Discovering a new author is like that moment of realising that someone who you thought was just an acquaintance might actually become a huge part of your life: you’ve got more in common than you previously thought. You rebuke yourself with the obvious question: “Why didn’t I see it before?”
The reason I’m not too keen on these eureka moments is because I’m stubborn and judgemental. The really annoying thing is that I’m often wrong. And if proved so, I’ll (grudgingly) admit it. So, in the spirit of ‘blogging honesty’, here’s my admission: I was wrong about William Boyd.
Boyd has been around the proverbial literary block for many years. I’ve always casually ignored him. No real reason; just didn’t think that our narratives would mesh. Maybe it’s the way his name looks in capitals: WILLIAM BOYD. It’s very square.
Naturally, I always start reading all new authors reluctantly, mentally requiring them to prove their worth to me. Sleep-inducing epilogue? I’ll skip it. Overworked opening scene? No thanks. All the characters need to work bloody hard to make an impression on me. I need to be able to say, “Yes, that’s it, exactly” or else I’ll skip out whole chunks of prose and dialogue, occasionally leapfrogging to the last chapter to see if things have picked up.
That’s the great thing about books (even dull ones, of which I’ve discovered there are many): you’re always reading in the present tense. Even if you’ve already read a book, it’s still happening. You can pick it up where you like. You can create your own narrative. Boyd does this exactly; he creates situations that take you along for the ride, steering you exactly where he wants, right now. Better still, you want to go where the narrative takes you. And oh boy, what a ride.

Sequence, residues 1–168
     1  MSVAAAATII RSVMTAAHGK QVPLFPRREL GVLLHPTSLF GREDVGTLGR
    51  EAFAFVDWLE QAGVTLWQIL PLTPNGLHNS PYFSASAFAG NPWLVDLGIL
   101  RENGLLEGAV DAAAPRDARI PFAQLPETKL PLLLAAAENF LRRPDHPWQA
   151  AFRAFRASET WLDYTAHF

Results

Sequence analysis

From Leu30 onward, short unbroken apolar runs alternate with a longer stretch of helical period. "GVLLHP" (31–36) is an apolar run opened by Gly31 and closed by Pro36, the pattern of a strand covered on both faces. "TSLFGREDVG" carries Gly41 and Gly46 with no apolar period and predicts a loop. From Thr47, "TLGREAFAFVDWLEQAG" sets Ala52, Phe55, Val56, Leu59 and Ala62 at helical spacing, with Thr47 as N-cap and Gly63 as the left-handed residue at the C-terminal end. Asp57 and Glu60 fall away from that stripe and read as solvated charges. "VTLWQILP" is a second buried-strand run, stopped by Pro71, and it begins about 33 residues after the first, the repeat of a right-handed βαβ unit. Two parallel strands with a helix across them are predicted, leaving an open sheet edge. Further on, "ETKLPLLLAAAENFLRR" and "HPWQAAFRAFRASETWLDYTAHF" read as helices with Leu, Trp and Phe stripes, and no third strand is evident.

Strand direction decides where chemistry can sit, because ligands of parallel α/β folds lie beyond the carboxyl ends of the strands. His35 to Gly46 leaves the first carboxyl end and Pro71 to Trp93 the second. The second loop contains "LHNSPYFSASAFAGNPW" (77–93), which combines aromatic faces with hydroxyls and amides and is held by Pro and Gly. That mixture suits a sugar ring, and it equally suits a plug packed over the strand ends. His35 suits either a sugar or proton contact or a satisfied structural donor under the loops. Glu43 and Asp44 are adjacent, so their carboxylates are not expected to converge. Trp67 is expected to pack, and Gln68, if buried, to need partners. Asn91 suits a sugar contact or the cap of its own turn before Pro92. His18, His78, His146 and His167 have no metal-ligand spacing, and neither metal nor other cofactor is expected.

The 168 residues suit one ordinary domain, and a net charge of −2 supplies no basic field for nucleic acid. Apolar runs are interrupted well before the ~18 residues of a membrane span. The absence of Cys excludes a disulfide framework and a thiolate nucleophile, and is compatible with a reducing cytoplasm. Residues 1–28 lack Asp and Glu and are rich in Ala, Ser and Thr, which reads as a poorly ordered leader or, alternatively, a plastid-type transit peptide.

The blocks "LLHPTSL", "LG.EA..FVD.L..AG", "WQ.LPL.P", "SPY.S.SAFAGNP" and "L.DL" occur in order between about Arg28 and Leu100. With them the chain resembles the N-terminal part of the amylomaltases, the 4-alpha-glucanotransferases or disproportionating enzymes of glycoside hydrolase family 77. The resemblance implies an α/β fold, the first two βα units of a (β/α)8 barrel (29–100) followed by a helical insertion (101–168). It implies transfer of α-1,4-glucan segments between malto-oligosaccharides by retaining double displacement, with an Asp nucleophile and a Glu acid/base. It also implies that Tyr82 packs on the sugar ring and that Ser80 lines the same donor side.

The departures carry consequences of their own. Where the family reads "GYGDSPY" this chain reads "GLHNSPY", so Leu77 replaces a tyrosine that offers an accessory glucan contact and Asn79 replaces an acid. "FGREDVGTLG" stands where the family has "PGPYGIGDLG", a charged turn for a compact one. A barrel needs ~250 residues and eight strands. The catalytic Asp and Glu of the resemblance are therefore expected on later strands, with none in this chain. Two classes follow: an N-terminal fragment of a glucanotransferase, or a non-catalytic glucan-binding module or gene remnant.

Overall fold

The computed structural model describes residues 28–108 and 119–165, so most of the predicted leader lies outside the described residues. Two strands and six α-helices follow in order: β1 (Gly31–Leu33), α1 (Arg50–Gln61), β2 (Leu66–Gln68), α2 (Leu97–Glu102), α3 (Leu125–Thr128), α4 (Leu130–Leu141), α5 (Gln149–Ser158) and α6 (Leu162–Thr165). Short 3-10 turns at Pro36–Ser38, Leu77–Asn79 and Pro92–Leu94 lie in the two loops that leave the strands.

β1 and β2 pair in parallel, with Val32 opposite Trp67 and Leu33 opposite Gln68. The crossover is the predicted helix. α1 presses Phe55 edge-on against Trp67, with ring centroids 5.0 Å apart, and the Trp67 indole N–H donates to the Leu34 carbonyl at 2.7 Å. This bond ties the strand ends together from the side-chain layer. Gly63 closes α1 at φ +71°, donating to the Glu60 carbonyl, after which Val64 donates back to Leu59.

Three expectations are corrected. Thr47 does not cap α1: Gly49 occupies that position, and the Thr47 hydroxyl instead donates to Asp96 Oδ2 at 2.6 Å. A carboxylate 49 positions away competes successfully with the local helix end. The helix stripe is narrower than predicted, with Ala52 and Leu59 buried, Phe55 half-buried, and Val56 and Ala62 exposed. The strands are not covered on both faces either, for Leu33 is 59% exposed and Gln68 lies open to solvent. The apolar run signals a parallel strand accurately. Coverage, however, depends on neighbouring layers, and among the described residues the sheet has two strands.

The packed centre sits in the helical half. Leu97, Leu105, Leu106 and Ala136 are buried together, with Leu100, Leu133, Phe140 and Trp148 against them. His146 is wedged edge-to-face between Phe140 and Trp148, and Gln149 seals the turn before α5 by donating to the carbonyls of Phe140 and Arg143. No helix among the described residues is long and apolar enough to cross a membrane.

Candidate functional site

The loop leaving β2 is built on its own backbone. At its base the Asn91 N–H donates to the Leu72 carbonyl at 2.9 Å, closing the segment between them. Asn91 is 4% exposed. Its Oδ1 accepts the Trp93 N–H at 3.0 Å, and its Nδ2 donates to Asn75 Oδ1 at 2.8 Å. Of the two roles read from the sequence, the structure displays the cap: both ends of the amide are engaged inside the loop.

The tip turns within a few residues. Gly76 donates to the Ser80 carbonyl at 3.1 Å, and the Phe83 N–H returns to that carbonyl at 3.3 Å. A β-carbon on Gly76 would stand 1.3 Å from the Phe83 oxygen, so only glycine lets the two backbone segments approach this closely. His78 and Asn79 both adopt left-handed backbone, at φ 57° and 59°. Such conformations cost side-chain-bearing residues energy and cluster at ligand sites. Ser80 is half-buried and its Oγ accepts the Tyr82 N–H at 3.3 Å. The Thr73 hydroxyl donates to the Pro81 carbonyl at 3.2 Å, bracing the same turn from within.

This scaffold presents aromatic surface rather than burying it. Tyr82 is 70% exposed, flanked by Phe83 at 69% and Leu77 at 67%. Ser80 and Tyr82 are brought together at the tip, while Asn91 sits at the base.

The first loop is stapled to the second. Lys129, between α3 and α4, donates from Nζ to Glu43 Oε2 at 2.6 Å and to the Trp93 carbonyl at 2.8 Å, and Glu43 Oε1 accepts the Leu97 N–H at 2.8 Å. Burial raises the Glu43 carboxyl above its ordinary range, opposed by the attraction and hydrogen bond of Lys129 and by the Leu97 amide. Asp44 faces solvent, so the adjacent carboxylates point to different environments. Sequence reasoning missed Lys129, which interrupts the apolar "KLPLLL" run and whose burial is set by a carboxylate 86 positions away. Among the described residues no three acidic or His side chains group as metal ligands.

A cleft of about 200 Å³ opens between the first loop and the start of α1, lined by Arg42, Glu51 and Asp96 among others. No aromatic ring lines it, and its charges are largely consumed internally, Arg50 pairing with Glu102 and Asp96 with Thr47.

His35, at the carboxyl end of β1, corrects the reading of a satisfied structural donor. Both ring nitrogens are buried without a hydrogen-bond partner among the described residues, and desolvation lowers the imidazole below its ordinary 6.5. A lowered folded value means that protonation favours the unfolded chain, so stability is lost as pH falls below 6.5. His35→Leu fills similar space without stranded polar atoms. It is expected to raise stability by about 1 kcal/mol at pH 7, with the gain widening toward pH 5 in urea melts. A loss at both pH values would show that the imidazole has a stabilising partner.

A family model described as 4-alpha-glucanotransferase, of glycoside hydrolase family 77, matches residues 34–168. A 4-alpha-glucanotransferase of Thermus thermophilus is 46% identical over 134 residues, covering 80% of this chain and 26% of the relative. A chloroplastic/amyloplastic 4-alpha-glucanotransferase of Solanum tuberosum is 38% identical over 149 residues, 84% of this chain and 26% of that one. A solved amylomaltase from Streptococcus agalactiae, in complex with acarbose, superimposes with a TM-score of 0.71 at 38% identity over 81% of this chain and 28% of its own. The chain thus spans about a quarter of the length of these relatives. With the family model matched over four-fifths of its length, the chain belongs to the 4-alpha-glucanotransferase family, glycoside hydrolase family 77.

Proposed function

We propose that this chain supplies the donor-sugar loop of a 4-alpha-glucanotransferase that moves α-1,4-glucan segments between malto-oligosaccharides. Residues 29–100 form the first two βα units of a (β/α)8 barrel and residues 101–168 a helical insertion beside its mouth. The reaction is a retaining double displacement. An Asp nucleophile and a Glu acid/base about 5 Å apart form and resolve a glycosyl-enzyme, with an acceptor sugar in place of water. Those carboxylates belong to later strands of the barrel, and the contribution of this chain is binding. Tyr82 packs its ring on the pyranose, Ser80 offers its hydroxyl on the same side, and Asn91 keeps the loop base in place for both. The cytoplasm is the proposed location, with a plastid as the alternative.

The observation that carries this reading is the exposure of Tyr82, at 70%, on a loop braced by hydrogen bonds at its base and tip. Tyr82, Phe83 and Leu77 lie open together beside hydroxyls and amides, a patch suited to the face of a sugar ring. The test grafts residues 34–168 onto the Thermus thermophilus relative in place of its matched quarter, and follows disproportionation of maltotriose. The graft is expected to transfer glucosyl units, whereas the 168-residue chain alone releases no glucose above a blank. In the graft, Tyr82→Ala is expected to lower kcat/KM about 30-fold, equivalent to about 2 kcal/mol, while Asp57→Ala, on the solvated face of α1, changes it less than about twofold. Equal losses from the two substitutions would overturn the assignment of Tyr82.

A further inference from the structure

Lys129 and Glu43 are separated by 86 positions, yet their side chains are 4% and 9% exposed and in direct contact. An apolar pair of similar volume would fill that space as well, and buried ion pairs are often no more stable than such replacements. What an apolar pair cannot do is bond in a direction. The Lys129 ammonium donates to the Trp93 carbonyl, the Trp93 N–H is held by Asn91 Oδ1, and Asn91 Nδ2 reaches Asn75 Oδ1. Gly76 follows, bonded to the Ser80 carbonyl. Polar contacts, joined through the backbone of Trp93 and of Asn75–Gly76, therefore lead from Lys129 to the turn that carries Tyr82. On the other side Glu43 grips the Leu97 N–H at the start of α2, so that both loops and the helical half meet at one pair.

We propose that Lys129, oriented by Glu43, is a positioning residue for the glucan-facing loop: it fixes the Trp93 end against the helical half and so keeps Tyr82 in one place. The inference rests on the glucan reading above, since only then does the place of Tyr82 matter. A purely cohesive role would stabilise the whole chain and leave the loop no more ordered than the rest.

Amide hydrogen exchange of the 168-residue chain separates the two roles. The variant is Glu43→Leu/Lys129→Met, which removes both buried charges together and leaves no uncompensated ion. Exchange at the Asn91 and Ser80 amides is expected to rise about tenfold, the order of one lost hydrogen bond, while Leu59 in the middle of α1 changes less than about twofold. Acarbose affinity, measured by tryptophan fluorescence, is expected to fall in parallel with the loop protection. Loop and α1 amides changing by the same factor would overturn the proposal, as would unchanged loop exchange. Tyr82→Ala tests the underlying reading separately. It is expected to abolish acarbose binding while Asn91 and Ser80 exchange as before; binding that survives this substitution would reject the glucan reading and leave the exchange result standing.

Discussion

In particular, Any Human Heart, Armadillo and Brazaville Beach are extraordinary examples of books that literally give you everything you want. And I want a lot from a story (conflict, resolution, love, sex, murder, religion, philosophy), its characters (young, old, rude, lonely, ambitious, pathetic, insular, psychotic), and how this is translated by my humble reader’s brain (insert magic formula here).
When I picked up Brazaville Beach, I was convinced I didn’t care about an Englishwoman in Africa ruminating about her life. This is why you should never judge a book by its back cover. Throw in some chimpanzee infanticide, UNAMO kidnapping and a manic depressive marriage, and you’ve got yourself a corker of a story.
I’m currently giving Ordinary Thunderstorms a pop (nothing better than to read about being in London while actually being in London) and am once again amazed at the ease Boyd launches you into his vehicle, straps you in, and leads you to all these absurdly wonderful situations that perfectly complement your mind’s own narrative. It’s pure indulgent sticky escapism and I unashamedly love it.
More to come on Boyd…watch this space for my review on completion. Next on my reading list? The Destiny of Nathalie ‘X’, naturally.